“If men with machine guns burst through those doors right now and said that they were going to kill every Christian here, would you stay or would you leave?” The speaker was the pastor of our church, my family was in attendance at a weekly Sunday service, and I was perhaps 12 years old.
Naturally, the pastor was attempting to drive home a point about faith and whether or not we considered our mortal lives to be more valuable than our immortal souls. Would we face death to remain faithful to Christ?
Of course, this was a philosophical exercise. No one in the church actually expected that men with guns would come bursting in and shoot us down. It was the early 1980’s in the United States of America. We understood that Christians were persecuted, jailed and, in some cases, killed in Communist countries, but not here, not in America. This was a soul-searching question, not a tactical test.
A Changed World
Sadly, the United States of my youth is no more and the modern world is more filled with dangers than the 12-year-old me could have imagined. The depressing reality of today is that Christians in the USA are indeed threatened by the situation that our pastor hypothesized about all those years ago. Evil men are deliberately targeting houses of worship and their goal is to murder faithful Christians.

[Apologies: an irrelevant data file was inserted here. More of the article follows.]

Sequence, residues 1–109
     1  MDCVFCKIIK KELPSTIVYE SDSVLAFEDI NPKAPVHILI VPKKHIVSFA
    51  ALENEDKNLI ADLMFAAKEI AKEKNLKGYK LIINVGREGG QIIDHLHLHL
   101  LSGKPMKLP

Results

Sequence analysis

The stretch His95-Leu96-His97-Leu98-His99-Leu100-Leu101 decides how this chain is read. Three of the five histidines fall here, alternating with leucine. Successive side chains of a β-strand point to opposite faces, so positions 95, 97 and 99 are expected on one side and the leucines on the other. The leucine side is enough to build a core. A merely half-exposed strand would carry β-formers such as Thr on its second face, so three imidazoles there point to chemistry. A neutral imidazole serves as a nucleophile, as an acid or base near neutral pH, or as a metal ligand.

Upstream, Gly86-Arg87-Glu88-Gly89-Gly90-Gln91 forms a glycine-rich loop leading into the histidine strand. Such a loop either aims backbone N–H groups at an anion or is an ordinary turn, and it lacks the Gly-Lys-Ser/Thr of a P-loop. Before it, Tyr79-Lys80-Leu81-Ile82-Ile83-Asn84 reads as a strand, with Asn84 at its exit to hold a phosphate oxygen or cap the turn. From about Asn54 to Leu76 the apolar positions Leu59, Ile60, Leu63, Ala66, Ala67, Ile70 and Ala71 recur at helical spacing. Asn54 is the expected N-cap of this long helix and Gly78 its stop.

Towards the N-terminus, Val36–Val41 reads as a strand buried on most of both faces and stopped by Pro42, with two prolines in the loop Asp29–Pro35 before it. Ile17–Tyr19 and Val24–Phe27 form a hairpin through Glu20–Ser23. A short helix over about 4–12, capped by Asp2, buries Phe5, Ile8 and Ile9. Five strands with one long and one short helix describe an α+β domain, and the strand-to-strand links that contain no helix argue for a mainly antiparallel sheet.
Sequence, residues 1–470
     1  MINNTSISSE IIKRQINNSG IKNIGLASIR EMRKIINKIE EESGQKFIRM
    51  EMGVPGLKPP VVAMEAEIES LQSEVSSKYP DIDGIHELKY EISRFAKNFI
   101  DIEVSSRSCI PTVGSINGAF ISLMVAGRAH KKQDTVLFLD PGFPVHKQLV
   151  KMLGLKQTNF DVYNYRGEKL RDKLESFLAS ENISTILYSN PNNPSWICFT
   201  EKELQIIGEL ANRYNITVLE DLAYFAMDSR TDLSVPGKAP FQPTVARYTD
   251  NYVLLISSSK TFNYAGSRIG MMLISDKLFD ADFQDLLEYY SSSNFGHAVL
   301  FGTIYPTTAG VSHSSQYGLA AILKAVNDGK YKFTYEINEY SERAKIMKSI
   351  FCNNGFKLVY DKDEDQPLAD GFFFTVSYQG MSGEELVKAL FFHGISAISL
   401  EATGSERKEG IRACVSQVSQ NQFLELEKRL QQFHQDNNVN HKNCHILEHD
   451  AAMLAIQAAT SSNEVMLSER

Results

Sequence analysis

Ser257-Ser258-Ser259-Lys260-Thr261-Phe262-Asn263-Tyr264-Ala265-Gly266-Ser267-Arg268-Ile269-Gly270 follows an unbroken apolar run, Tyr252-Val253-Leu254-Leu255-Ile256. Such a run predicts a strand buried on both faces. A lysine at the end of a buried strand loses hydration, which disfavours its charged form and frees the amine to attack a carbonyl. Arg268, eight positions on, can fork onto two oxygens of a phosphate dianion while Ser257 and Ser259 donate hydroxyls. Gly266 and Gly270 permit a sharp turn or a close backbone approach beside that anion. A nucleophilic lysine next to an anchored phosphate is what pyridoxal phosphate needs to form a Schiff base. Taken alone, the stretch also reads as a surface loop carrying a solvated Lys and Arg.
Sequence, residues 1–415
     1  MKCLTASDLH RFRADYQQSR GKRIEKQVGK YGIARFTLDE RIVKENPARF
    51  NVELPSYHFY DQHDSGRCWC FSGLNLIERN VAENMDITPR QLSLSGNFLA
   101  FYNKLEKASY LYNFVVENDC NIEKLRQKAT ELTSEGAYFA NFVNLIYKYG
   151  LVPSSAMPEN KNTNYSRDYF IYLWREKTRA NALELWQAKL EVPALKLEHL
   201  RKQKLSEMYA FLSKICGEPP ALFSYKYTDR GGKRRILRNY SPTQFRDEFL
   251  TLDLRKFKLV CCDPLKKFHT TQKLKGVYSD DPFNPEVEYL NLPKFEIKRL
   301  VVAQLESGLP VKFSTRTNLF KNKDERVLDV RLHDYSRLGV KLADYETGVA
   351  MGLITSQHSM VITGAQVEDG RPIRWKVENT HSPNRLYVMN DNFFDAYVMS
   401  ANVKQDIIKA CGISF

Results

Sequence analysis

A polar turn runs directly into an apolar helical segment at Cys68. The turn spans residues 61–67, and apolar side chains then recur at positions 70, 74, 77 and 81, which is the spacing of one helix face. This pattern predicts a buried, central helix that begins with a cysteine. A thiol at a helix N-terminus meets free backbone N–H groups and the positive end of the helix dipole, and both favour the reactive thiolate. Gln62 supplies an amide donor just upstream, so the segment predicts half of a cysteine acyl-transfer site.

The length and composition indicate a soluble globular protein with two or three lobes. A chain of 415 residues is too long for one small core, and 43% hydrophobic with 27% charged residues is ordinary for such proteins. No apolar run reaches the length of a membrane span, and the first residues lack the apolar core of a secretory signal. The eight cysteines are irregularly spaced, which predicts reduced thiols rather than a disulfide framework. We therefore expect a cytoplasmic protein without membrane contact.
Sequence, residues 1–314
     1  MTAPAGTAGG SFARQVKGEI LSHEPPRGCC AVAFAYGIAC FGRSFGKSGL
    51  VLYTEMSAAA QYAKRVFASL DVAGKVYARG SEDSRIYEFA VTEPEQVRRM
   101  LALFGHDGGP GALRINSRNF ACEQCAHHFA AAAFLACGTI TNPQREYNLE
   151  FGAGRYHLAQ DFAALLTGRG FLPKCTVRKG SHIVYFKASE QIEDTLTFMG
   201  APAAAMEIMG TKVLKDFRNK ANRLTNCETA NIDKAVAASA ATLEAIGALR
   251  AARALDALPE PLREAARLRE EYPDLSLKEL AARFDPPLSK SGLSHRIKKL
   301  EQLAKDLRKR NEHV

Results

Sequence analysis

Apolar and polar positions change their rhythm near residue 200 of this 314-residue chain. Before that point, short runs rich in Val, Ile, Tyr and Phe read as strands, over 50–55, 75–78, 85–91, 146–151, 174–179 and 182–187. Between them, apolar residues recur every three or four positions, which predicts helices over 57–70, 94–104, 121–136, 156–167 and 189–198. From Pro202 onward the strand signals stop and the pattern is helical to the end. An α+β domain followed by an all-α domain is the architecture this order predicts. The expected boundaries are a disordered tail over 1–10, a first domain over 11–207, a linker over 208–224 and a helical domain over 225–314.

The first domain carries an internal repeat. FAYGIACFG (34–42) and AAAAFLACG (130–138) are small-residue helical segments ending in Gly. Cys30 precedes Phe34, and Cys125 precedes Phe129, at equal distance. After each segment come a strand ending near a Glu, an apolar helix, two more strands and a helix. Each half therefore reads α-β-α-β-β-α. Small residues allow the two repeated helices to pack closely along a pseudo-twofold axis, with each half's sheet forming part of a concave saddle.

Faithful men and women, pastors and priests, deacons and trustees, are now faced with not only attending to the care of the souls of their congregation but with protecting them from a violent and vicious evil. This evil has been cultivated in America during the last generation and been exacerbated by the addition of Christian-hating monsters imported by our Federal Government and planted in our communities.
In my youth, Church Security meant locking the doors at night and perhaps installing an alarm system to detect burglars. Today, the focus of Church Security is on designating armed men and women to protect the flock from lethal threats.
The local police or sheriff’s department could provide patrols and perhaps a uniformed officer, but only if there has been a specific, demonstrable threat. And even that form of security will be temporary.